“This photo illustration depicts a view of the night sky just before the predicted merger between our Milky Way galaxy and the neighboring Andromeda galaxy. About 3.75 billion years from now, Andromeda’s disk fills the field of view and its gravity begins to create tidal distortions in the Milky Way. The view is inspired by dynamical computer modeling of the future collision between the two galaxies. The two galaxies collide about 4 billion years from now and merge to form a single galaxy about 6 billion years from now.”
Four billon years from now, the Milky Way Galaxy, which we are located in, will collide with the neighboring Andromeda Galaxy. This is according to new research by NASA astronomers.
This collision will likely fling our solar system into a vastly different part of the Milky Way. The researchers say there is no danger of our solar system being destroyed in this collision though.
“Our findings are statistically consistent with a head-on collision between the Andromeda galaxy and our Milky Way galaxy,” said Roeland van der Marel of the Space Telescope Science Institute (STScI) in Baltimore.
The research was done using the Hubble Space Telescope. The Andromeda Galaxy is currently 2.5 million light years away but is being irreversibly drawn to the Milky Way through mutual gravitational attraction.
“After nearly a century of speculation about the future destiny of Andromeda and our Milky Way, we at last have a clear picture of how events will unfold over the coming billions of years,” said Sangmo Tony Sohn of STScI.
The researchers compare the collision to a batter in baseball watching a fastball come towards him — it will take some time but the trajectory is clear.
Computer simulations using Hubble’s data show that another 2 billion years after the first impact, the galaxies will completely merge into a single elliptical galaxy like the ones common in the local universe.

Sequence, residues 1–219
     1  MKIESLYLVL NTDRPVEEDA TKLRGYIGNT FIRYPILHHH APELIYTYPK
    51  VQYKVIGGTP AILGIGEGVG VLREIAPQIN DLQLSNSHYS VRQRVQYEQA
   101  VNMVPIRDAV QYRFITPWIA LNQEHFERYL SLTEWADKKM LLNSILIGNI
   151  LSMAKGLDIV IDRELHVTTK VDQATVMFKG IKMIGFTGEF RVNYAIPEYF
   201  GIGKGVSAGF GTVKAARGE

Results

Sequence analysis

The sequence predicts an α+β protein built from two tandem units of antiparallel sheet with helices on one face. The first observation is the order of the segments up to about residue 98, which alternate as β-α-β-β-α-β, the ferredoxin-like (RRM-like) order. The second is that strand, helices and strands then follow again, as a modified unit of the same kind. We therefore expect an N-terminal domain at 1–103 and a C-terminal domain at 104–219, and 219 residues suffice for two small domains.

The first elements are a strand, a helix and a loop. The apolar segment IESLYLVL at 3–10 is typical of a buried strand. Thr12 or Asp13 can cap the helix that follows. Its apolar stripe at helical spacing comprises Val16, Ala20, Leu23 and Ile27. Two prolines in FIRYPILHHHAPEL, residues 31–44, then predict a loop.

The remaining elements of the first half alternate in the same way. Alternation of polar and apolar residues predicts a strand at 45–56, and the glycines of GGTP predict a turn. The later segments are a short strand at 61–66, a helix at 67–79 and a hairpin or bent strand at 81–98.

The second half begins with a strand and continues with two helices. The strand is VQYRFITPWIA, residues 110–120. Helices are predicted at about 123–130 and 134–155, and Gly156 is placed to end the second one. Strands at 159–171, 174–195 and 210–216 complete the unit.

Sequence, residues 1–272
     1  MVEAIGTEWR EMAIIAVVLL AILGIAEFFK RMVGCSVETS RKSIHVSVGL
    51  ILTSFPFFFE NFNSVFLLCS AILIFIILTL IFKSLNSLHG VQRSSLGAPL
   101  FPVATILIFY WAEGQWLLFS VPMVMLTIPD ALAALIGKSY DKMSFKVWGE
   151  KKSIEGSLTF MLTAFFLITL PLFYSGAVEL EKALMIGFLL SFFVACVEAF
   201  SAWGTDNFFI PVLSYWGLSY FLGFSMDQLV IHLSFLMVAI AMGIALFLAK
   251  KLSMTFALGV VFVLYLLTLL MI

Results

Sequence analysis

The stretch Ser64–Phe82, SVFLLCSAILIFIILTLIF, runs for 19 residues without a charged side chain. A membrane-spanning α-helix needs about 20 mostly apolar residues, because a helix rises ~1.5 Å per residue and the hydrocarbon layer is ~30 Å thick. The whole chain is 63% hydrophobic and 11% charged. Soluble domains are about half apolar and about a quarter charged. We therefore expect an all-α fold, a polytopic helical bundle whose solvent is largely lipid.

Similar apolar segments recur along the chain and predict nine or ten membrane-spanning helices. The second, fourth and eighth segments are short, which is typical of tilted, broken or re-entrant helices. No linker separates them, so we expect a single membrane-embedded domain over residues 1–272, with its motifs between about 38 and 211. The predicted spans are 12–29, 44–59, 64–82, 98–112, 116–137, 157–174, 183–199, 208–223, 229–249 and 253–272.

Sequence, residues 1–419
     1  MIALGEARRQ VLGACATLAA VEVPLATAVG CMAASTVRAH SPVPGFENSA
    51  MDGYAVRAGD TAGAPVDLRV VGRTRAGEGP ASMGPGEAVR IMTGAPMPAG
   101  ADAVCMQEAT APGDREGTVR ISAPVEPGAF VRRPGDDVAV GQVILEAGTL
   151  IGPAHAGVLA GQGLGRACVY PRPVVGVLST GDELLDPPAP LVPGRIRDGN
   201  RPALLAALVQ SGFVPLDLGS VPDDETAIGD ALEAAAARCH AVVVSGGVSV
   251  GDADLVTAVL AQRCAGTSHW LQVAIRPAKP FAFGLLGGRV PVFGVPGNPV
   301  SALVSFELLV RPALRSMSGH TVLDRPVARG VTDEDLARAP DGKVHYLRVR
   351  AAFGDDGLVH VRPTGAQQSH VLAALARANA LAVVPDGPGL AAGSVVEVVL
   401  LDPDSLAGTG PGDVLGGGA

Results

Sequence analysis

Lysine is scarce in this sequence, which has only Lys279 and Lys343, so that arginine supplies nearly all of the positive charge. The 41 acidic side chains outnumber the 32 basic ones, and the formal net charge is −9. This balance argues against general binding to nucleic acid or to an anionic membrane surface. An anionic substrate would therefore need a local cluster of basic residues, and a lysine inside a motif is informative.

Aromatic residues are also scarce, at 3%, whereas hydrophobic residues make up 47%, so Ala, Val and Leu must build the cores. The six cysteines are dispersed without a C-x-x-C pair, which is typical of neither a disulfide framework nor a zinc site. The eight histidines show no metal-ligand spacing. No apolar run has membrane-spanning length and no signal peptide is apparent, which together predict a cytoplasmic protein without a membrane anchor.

Although the galaxies will collide, the stars in them are so far apart that they will not collide. The orbits of stars around the galactic center will change though. Computer simulations suggest our solar system will be thrown much further from the galactic center than we are now.
The small galaxy that orbits Andromeda, the Triangulum Galaxy, will also join in the impact and possibly merge also. It may even impact first, before Andromeda.
“The universe is expanding and accelerating, and collisions between galaxies in close proximity to each other still happen because they are bound by the gravity of the dark matter surrounding them. The Hubble Space Telescope’s deep views of the universe show such encounters between galaxies were more common in the past when the universe was smaller.”
Only just a century ago, astronomers didn’t know that Andromeda was a separate galaxy. The vast distance between the two was ‘discovered’ by Edwin Hubble when he used a ‘variable star’ to serve as a measuring stick.
Andromeda is currently speeding towards the Earth at about 250,000 miles per hour. At that speed, you could reach the moon in an hour. This measurement was made by using the Doppler Effect, which is a change in frequency and wavelength of waves produced by a moving source relative to an observer.
“Previously, it was unknown whether the far-future encounter will be a miss, glancing blow, or head-on smashup. This depends on M31’s tangential motion. Until now, astronomers have not been able to measure M31’s sideways motion in the sky, despite attempts dating back more than a century. The Hubble Space Telescope team, led by van der Marel, conducted extraordinarily precise observations of the sideways motion of M31 that remove any doubt that it is destined to collide and merge with the Milky Way.”
“This was accomplished by repeatedly observing select regions of the galaxy over a five- to seven-year period,” said Jay Anderson of STScI.
“In the ‘worst-case-scenario’ simulation, M31 slams into the Milky Way head-on and the stars are all scattered into different orbits,” said team member Gurtina Besla of Columbia University in New York, N.Y. “The stellar populations of both galaxies are jostled, and the Milky Way loses its flattened pancake shape with most of the stars on nearly circular orbits. The galaxies’ cores merge, and the stars settle into randomized orbits to create an elliptical-shaped galaxy.”
The Hubble Space Telescope was recently upgraded with more powerful cameras. These upgrades have allowed these new calculations to be made.
The new research is set to be published in the Astrophysical Journal.
Source and Images: NASA’s Space Telescope Science Institute